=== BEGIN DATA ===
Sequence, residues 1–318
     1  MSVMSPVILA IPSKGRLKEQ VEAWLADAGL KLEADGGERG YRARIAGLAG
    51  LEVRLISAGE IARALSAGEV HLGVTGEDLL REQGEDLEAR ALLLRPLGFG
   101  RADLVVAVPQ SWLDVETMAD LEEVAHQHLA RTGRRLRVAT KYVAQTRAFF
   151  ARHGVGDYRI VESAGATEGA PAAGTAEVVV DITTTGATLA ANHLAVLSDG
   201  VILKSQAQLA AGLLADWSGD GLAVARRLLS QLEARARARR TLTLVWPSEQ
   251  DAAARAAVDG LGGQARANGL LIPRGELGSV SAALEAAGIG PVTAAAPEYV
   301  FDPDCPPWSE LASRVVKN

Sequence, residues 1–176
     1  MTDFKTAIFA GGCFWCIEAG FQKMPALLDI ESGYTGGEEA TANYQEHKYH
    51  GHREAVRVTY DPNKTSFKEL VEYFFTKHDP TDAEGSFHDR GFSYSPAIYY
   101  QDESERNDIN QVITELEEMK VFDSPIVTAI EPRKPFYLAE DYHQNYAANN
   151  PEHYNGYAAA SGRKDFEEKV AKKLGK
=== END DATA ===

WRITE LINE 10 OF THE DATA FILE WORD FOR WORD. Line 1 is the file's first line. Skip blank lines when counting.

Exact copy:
     1  MTDFKTAIFA GGCFWCIEAG FQKMPALLDI ESGYTGGEEA TANYQEHKYH